Eating disorders are serious, life-threatening conditions that affect people of all ages, genders, races, ethnicities and economic backgrounds. They involve more than just a disturbance in eating behaviors, and may cause emotional and physical problems such as heart and gastrointestinal issues. People who have an eating disorder often use disordered eating behavior to cope with difficult situations or feelings. Those behaviors can include skipping meals or severely restricting calories, eating very large quantities of food at once, purging by vomiting or misusing laxatives, excessive exercise, fasting or taking diet pills.
Some people are at greater risk for developing an eating disorder than others, but it is important to remember that anyone can develop an eating disorder. There are many environmental and genetic factors that can contribute to the development of an eating disorder, and each person’s risk is unique.
Often, the precipitating event that initiates an eating disorder is not something obvious, but rather some sort of trigger such as weight-related teasing or an underlying temperamental tendency toward perfectionism and dieting. People with a history of trauma or a family history of depression, anxiety or bipolar disorder also have an increased risk of having an eating disorder.
A variety of symptoms can be seen in someone with an eating disorder, and they include low appetite and a lack of interest in food or body image. Other symptoms can be a change in weight, a fear of fatness or a preoccupation with weight or shape concerns. Those who are at the highest risk for medical complications from an eating disorder, particularly those with anorexia nervosa or bulimia nervosa, are typically underweight, even if they look healthy and appear to be at or above the average BMI for their age.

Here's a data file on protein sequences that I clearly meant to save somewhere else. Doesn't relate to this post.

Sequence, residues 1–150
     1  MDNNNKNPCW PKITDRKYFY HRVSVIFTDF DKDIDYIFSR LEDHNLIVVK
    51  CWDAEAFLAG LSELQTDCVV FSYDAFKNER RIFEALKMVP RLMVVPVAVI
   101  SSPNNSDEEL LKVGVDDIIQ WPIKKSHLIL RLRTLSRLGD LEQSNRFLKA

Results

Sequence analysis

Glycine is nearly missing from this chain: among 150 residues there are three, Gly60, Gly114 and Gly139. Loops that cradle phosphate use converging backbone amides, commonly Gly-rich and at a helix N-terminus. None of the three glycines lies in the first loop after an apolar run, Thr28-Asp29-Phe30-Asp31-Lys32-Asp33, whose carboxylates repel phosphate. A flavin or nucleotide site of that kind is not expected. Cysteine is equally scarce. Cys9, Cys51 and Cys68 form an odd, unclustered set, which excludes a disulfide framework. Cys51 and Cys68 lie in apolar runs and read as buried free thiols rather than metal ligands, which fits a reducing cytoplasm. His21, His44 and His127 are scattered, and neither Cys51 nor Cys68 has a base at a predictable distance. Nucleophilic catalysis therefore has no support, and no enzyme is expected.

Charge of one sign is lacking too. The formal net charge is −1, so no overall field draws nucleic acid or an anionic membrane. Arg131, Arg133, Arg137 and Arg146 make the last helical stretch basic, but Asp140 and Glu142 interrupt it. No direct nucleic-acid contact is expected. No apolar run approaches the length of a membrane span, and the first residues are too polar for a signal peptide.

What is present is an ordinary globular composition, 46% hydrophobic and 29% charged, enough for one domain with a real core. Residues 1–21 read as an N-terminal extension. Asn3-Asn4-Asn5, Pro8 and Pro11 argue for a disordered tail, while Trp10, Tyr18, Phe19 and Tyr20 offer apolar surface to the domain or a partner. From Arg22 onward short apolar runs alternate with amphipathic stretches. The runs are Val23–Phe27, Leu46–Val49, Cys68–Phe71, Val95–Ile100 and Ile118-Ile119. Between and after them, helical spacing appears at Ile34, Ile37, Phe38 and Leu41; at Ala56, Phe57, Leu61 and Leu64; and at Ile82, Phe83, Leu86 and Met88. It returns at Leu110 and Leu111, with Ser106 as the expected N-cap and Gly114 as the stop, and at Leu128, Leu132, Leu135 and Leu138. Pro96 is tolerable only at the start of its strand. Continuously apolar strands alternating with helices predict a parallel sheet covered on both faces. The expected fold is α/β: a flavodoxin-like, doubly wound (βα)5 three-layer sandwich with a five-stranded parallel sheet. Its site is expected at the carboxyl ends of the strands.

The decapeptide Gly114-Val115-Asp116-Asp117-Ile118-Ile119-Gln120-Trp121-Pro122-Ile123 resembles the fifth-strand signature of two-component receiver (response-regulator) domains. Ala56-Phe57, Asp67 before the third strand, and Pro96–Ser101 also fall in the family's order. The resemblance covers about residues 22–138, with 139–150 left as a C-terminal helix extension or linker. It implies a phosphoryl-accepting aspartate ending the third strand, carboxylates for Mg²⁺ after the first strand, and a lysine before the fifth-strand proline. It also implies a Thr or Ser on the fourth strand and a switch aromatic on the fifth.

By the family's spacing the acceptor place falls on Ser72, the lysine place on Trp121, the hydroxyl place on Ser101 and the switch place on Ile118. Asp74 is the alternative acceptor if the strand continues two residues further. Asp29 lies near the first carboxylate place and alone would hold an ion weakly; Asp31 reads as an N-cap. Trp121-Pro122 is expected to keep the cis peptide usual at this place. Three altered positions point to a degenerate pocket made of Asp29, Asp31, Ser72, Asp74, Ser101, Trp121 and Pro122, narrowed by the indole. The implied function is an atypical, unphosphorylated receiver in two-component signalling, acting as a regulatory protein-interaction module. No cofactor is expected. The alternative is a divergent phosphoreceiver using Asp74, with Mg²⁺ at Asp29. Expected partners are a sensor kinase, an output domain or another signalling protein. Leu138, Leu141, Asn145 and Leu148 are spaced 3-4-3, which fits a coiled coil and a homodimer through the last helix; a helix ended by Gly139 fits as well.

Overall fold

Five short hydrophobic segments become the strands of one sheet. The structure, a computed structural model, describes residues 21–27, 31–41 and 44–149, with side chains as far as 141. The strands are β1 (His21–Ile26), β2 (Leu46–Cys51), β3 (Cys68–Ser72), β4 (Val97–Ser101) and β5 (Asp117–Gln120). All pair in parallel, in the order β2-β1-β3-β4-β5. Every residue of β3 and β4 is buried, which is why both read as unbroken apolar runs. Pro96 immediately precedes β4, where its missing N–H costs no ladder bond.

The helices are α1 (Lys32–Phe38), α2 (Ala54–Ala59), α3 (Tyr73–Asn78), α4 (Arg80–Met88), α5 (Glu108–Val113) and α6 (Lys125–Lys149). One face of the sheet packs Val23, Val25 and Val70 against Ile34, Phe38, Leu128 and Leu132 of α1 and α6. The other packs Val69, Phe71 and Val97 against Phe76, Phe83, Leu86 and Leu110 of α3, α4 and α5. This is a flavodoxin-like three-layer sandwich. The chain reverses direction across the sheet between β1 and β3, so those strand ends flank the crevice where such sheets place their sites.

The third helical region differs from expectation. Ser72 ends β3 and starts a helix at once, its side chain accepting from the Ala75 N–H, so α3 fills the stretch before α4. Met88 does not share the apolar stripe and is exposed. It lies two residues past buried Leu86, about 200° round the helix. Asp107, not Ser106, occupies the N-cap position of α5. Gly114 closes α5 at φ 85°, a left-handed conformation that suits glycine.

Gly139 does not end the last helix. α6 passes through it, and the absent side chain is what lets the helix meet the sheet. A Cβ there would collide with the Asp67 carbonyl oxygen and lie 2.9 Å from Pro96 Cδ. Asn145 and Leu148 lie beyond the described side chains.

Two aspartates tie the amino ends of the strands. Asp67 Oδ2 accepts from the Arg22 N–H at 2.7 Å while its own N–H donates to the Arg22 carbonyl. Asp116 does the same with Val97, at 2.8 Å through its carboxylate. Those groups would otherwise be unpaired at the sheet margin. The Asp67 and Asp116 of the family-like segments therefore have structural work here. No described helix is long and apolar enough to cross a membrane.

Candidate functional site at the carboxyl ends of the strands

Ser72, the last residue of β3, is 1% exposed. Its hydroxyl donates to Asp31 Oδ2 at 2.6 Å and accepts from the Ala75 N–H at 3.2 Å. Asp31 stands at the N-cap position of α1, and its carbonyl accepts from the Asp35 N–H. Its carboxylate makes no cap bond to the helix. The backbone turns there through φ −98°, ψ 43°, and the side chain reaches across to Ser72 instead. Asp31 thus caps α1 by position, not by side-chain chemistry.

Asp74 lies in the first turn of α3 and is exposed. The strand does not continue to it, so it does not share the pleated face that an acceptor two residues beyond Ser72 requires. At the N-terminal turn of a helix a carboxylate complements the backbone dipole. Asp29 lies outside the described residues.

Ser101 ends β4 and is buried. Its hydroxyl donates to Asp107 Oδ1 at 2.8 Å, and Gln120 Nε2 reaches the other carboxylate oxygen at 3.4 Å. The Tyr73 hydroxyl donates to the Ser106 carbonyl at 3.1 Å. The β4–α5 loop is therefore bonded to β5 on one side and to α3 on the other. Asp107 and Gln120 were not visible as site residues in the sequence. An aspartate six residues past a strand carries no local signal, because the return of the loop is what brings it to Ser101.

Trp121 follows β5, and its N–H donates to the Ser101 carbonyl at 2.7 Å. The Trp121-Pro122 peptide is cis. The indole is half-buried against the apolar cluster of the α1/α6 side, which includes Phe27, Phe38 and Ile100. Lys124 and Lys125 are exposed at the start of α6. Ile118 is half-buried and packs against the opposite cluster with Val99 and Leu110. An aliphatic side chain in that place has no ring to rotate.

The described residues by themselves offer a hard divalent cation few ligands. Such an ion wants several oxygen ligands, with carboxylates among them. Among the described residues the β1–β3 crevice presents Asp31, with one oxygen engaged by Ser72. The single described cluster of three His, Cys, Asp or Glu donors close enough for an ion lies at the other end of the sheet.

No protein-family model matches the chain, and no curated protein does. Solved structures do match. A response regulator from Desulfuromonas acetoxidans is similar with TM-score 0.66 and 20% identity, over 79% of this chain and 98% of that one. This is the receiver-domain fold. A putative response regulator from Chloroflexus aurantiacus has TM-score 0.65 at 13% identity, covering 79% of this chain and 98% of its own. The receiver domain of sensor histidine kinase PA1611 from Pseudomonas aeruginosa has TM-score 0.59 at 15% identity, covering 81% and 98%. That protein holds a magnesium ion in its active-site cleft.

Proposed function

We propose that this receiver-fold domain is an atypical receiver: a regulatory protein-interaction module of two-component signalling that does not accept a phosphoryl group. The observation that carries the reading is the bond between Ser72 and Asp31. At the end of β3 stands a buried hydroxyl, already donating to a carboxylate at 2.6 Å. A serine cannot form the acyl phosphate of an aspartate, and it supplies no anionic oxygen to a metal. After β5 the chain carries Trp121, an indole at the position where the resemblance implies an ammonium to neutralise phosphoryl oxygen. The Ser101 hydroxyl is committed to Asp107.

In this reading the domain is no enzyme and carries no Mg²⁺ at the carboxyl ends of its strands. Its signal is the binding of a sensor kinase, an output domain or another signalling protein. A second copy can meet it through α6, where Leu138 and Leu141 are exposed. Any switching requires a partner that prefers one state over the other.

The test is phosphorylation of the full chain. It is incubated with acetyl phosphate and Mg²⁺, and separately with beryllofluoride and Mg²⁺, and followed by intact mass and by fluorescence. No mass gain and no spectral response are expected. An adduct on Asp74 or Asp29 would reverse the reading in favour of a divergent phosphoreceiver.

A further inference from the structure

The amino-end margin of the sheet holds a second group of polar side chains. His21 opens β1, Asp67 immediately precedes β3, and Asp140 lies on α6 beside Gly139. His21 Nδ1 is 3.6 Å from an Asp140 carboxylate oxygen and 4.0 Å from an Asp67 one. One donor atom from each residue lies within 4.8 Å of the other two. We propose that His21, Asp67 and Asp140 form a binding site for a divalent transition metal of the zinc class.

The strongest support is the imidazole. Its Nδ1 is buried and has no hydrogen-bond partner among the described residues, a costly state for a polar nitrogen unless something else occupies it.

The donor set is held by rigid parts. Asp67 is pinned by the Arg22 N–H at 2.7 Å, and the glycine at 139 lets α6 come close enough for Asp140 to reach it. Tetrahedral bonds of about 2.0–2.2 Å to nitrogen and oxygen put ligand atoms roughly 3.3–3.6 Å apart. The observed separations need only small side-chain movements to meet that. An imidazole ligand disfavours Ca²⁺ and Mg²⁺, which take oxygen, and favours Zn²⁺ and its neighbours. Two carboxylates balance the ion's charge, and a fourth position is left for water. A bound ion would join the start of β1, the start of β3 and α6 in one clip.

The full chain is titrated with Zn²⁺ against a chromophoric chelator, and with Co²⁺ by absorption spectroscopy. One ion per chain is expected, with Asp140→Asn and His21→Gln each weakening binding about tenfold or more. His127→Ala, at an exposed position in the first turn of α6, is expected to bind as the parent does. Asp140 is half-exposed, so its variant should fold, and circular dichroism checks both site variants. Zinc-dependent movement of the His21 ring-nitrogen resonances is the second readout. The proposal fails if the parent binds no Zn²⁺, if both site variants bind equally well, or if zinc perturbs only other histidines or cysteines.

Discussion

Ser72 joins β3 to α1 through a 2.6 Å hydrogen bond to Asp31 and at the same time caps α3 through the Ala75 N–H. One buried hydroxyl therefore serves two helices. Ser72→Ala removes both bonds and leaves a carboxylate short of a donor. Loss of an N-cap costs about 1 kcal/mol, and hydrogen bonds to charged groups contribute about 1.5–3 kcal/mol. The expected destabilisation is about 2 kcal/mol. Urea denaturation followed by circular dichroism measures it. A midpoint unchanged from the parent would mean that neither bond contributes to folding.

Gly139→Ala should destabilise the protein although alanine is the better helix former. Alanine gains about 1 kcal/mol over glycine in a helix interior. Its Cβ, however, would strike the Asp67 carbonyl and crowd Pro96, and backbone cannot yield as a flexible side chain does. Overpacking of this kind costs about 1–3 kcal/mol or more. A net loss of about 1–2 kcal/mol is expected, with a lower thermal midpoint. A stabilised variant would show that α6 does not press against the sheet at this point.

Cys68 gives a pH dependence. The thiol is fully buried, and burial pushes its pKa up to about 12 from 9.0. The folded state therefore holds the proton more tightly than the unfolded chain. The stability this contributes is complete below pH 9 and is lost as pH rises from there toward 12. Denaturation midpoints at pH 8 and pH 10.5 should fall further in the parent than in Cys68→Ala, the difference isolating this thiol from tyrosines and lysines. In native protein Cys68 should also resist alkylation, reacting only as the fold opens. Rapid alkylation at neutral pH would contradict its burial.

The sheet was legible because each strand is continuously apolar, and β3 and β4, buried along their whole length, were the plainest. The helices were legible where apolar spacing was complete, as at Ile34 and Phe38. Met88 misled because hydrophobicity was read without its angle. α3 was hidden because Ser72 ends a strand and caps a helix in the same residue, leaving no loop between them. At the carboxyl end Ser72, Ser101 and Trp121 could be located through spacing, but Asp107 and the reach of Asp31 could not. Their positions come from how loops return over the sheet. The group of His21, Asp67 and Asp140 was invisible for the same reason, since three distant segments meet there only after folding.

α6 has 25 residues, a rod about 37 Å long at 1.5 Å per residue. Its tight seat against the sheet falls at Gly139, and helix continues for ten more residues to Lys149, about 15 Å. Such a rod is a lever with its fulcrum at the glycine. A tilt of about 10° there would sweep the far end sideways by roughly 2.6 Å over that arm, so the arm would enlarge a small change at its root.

While some of these symptoms can be missed by well-meaning family members, friends and health care providers, there are some signs that can help people recognize the need for treatment early. For example, children who are being weighed at well-child visits or on a school wellness program can be asked questions about their diet and eating habits, and families can keep an eye out for big changes.
It is important to understand that the cause of an eating disorder is complex, and it is common for multiple factors to interact and play a role. The media’s promotion of unrealistically slender models and the high rate of body dissatisfaction in our culture are both important contributors, but they are not alone. It is also important to note that the most effective way to treat an eating disorder is through a combination of psychotherapy, nutrition education and support for a normalized body image. Eating disorders are also associated with a variety of other psychiatric disorders, including mood and anxiety disorders as well as attention deficit hyperactivity disorder and obsessive-compulsive disorder. These co-occurring conditions can make it more challenging to recover from the eating disorder. They can also increase the risk of death from suicide or a range of medical complications such as cardiac arrest and electrolyte imbalances.